Burnt Apple & Bourbon Ice Cream

This ice cream is very much inspired by a recipe from The Bojon Gourmet, a blog I discovered via Pinterest. It caught my eye when I was looking for ideas on new ways to put some of our enormous apple harvest to good use. I replaced Alanna’s cream base with a rich and very sweet custard base and roasted my apples until the sugars not only caramelised, but the edges caught and blackened to add texture and a touch of bitterness. I didn’t include a crumble as it tends not to stay crisp for long and our ice creams usually last at least a few weeks in the freezer. That said, this one’s disappearing fast!

Serendipity struck when making the custard ice cream base: I decided to use up 75 grams of sugar mix leftover from a recent apple pie making session. The leftover sugar had a little cinnamon and plain flour mixed into it (for thickening the pie filling) and I topped it up with an additional 25 grams of plain sugar. I blended and cooked my custard using my wonderful Froothie Optimum 9400 power blender, and found that the inclusion of the flour resulted in a beautifully smooth and thick custard.

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Burnt Apple & Bourbon Ice Cream

Ingredients
For the roasted apple

2 medium apples, peeled, cored and diced
2 tablespoons bourbon whiskey
100 grams light brown sugar (I use Billington’s sugars)
0.5 teaspoon cinnamon
0.5 teaspoon freshly grated nutmeg
Pinch of allspice
For the ice cream base
250 ml double cream
150 ml full fat milk
100 grams sugar
1 pinch salt
3 large egg yolks
0.5 teaspoon cinnamon
Optional: 1 tablespoon plain white flour
To make the ice cream
Custard
2 tablespoons bourbon
Roasted apple mixture

Method

For the roasted apple:

  • Preheat the oven to 200 °C.
  • Toss all the ingredients together to combine and transfer to a small roasting dish. Roast for about 45 minutes, checking on progress once or twice during the cooking time. If the apples are not yet caramelised, with a little charring on some edges, roast for longer until they’re ready.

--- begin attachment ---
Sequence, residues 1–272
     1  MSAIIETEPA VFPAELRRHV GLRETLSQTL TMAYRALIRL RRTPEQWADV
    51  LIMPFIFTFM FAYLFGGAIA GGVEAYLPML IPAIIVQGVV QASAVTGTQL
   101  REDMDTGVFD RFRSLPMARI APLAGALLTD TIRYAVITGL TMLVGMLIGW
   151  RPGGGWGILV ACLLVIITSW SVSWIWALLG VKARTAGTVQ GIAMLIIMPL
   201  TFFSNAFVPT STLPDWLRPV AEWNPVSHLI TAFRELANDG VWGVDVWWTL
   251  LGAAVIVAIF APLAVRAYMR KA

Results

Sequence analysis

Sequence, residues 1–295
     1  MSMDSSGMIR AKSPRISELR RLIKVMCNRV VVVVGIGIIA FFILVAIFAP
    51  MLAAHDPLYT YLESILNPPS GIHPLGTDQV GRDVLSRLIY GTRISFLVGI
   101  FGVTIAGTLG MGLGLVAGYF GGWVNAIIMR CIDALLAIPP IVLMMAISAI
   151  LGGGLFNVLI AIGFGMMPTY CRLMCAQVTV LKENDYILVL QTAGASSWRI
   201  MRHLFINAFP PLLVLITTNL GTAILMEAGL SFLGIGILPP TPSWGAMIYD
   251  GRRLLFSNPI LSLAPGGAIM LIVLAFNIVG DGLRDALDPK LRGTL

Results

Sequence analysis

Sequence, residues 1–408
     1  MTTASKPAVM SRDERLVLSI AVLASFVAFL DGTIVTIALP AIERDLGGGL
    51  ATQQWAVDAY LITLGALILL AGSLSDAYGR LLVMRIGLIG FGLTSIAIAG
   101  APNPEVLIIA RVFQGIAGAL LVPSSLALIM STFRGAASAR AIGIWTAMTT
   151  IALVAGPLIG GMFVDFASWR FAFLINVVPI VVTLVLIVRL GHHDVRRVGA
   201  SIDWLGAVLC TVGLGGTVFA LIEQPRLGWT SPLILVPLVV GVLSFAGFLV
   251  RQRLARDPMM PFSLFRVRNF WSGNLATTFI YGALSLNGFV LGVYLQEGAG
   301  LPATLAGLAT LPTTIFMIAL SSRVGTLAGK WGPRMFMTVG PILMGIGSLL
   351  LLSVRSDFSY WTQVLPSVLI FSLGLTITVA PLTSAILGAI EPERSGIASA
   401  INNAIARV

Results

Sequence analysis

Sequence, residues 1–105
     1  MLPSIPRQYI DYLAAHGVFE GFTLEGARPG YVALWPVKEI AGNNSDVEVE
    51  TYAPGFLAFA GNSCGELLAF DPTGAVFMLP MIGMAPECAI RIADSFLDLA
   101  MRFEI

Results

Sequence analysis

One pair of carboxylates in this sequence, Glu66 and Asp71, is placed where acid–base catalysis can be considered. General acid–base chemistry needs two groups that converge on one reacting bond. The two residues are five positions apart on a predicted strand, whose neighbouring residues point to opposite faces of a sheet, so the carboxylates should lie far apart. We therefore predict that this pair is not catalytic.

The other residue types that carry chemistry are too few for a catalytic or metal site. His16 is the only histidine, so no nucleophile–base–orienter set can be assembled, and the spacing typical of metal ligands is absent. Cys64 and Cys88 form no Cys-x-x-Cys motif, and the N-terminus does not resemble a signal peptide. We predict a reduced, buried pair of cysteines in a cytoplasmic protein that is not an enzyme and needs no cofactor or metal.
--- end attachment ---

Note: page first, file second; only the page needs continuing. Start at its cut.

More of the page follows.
• Remove from the oven and set aside to cool. These can be made the day before churning the ice cream and stored in the fridge until needed.

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For the ice cream base:

  • I combined all the ingredients and used my power blender to both mix and cook the custard for several minutes. The speed of the powerful blades generates enough heat to cook the custard while continuing to mix it so that nothing catches. No burnt bits, no lumps and very quick.
  • Alternatively, you can make your custard the traditional way by gently heating cream, milk and half the sugar in a pan until it reaches boiling, then removing from the heat. Meanwhile beat the remaining sugar and egg yolks together in a large bowl. Slowly pour the hot cream and milk over the eggs, whisking continuously, and then pour the combined mixture back into the pan and cook until it thickens. Make sure you stir continuously so that the custard doesn’t catch and burn.
  • Once cooked, set aside to cool. The custard can be made the day before churning the ice cream and stored in the fridge until needed.

To make the ice cream:

  • Add two tablespoons of bourbon to the custard base and mix well.
  • Add the roasted apple mixture. Alanna puréed some of hers and adds the rest whole, but I decided to leave all of it whole. I added only three quarters of the mixture as I thought it would be too much but in retrospect I could certainly have all of it.
  • Churn in an ice cream machine until ready.

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With the fruit, bourbon and spices this ice cream is very reminiscent of mince pies and Christmas pudding.

The Smart Scoop: Sage by Heston Blumenthal

For the last couple of years I’ve been using a Gaggia ice cream machine. I’ve been happy enough with the results, but have sometimes wished it would churn the ice cream till it was just a little more solid. I have worked around this by transferring the finished ice cream to a freezer container and popping into the freezer to solidify further.

When I heard that the Sage by Heston Blumenthal range of appliances included an ice cream machine, called the Smart Scoop, I was intrigued by some of the extra features it offers over my Gaggia. It’s also a good looking machine with its handsome brushed stainless steel surface.

Instead of just having a timer function that switches off when the time is up, the Smart Scoop offers a range of settings from sorbet through frozen yogurt and gelato to ice cream. Once you’ve chosen the texture you’re aiming for the ice cream maker starts freezing and churning. It automatically senses how hard the mixture is so it can alert you when it’s ready. Alterrnatively, you can use manual mode to freeze and churn for a set time according to your own recipes.

There’s an alarm to alert me when the ice cream is ready. I can adjust the volume (or set it to mute) and I can choose between a regular beeper and an ice cream van-style musical tune.